2.7K Messages

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76.4K Points

Yes

5.1K Messages

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121.4K Points

Some movies aren't really from a nazi's view. Some are more from the resistance view. It's ugly to say, that the resistance was nazi, too.

1.9K Messages

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52.5K Points

Thanks for your reaction. If you're talking about movies like Sophie Scholl - Die letzten Tage (2005), they were indeed made from the point of view of the resistance. However, a substantial part of the movie was dedicated to how the nazis dealt with/suppressed the resistance. Of course everybody knows that "The White Rose" was an anti-nazi resistance movement, so nobody is claiming that the resistance was nazi. I added this movie to the poll because it offers a good insight in how the nazis treated their prisoners and how the nazi justice system condemned members of the resistance without any kind of fair trial whatsoever.

1.3K Messages

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21.7K Points

4 y ago

Valkyrie (2008)

2.7K Messages

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76.4K Points

4 y ago

I don't know if this fits your topic but "The Enemy Below" tells the battle from both side's viewpoints.

1.9K Messages

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52.5K Points

Thanks, The Enemy Below (1957) has been added.

Your suggestion makes me think of another WWII movie which tells the story from both sides, Battle of the Bulge (1965). Maybe I should add this one, too?

2.7K Messages

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76.4K Points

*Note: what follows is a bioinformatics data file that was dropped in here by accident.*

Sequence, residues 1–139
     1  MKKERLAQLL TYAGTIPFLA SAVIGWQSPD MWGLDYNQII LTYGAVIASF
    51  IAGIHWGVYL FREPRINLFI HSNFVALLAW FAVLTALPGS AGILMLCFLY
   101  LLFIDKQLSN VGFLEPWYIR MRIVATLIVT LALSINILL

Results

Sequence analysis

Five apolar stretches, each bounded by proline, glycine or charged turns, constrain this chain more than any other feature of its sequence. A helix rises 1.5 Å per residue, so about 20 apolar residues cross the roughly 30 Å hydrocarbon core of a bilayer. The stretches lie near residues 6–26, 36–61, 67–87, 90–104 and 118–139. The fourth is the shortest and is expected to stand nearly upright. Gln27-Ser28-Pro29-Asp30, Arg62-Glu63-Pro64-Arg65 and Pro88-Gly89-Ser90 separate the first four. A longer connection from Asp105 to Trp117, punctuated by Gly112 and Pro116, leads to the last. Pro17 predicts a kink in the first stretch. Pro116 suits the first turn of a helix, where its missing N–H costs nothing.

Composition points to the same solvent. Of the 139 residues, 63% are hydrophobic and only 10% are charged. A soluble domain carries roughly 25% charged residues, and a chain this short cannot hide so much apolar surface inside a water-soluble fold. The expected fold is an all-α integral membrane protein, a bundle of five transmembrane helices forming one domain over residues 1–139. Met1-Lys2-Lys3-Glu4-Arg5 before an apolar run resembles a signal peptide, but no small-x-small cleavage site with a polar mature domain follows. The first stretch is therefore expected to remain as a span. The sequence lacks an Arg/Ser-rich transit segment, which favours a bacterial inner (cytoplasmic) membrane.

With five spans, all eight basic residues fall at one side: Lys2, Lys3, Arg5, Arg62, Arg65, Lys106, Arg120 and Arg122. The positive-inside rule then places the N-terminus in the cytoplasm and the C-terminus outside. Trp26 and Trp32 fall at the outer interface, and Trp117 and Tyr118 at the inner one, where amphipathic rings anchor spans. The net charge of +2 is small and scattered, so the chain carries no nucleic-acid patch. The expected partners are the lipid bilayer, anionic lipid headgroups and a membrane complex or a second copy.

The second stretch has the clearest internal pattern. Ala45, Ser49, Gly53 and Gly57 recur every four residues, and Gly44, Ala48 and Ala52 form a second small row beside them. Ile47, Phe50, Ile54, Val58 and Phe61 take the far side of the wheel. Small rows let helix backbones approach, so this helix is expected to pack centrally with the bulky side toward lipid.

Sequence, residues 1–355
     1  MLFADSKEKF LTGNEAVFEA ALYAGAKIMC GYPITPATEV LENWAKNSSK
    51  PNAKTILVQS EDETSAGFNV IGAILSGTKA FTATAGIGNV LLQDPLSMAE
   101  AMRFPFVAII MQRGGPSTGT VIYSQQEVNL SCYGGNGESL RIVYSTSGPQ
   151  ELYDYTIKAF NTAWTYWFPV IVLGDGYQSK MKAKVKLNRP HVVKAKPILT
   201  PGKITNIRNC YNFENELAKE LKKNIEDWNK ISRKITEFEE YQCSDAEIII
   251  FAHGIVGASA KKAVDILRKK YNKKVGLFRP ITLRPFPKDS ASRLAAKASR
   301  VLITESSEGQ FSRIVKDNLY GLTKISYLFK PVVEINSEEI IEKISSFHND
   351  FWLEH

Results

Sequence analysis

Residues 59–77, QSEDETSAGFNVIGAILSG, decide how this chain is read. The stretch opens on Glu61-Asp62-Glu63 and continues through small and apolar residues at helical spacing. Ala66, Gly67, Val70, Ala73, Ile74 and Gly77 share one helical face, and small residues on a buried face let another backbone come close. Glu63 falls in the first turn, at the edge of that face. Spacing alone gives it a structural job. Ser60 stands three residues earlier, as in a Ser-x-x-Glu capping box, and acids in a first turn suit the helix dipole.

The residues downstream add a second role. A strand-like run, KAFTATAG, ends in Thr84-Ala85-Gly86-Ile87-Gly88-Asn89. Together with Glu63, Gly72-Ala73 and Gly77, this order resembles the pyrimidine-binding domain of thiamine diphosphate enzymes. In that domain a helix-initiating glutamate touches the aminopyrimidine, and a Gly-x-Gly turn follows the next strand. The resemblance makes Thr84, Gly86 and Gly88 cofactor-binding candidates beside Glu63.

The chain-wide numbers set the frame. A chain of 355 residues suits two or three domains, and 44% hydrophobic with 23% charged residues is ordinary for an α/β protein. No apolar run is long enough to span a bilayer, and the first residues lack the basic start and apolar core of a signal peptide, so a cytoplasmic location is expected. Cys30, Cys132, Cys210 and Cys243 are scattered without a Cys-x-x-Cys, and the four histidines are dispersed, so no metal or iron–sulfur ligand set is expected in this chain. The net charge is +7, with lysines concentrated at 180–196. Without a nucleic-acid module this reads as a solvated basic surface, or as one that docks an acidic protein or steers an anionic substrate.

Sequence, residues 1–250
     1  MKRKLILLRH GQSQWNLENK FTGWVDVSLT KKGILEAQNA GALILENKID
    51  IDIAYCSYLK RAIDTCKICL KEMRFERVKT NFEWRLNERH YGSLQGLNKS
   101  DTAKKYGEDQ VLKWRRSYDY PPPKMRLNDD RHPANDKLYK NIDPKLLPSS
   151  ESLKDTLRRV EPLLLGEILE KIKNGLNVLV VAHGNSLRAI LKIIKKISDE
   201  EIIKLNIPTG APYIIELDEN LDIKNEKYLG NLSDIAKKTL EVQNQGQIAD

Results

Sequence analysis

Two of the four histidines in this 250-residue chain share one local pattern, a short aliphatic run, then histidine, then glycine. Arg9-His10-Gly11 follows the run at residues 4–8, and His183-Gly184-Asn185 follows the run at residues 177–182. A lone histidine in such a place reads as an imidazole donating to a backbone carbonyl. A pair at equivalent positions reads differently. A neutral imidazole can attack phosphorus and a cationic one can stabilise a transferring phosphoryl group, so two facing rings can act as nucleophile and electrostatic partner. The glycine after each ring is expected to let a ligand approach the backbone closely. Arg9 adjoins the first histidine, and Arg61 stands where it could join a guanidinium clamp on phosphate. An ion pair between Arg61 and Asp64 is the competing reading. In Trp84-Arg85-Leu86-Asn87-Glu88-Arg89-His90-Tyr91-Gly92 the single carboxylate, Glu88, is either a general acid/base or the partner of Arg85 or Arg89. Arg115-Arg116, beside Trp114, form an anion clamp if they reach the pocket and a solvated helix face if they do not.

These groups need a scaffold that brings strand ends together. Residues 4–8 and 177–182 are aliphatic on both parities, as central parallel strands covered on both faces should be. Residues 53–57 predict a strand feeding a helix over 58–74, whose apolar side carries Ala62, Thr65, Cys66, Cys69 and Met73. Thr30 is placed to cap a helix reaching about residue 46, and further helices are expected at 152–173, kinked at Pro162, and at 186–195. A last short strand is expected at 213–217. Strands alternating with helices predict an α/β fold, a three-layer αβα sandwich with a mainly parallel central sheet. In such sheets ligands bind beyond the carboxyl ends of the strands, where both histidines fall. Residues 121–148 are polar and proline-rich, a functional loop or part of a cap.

Yes

1.9K Messages

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52.5K Points

Ok, thanks.

4.3K Messages

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128.6K Points

4 y ago

There's also the famous opus of Rosselini's War Trilogy: Germany: Year Zero, sure it's set during the aftermath (1948 but the film takes place much earlier) but it's the first movie to show the devastating effects on War on civilians, especially German children

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52.5K Points

Thanks, good suggestion. Added.

2.7K Messages

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76.4K Points

4 y ago

In thinking of Curd Jürgens, I can accross two films that sound interesting to watch and were highly rated but with a very damn low vote totals which is common for films from the 1950's on the IMDb, specially for non-English speaking movies. I think you should get probably someone's, who had seen these films, opinion on them.

The simple one first. "The Last Bridge" or "Die letzte Brücke" (1954) , 7.4 rating, and 275 votes. "A German nurse gets sent to the front because she gives medical aid to a wounded Serbian partisan during World War II." The IMDb user reviews on this are good.

The other is "The Devil's General", 7.4 rating, 879 votes. Great reviews and one of Curd Jürgens' signature roles. It is a filmed version of a play based the life of Udet who was the highest ranking surviving German flier of WW1 who in his love of flying, doing aerial stunts and to build airplanes made the mistake to agreeing to a deal from Gehrig that Udet become a member of the Nazi Party in order for him to continue flying. Even Udet said that in order to keep flying, one has to make a deal with the devil; therefore, the origin of the title of the play, "Des Teufels General" "The Devil's General". Udet was one of the first to realize that the Germans couldn't keep up production of the airplanes he designed, that the Nazis used him for publicity, and that Germany was going to lose the war in the time when Germany was at it's highest winning position in WW2, 1941. He shot himself Nov. 16, 1941. https://m.youtube.com/watch?v=itmAdu7...

In the movie, Udet is called "Gen. Harry Harras" and the plot summary goes like this, "1941, the Third Reich seems to be winning the war. Luftwaffe (air force) general Harry Harras enjoys the good life as highly respected technician and Berlin ministry/ HQ official. However his outspoken critical attitude at social occasions awakes hopes from opposition and suspicion from the Nazi party. He suddenly finds himself approached and arrested by the Gestapo, who psychologically torture him. Next his position is threatened by technical aircraft trouble he'll be blamed for but may result from sabotage."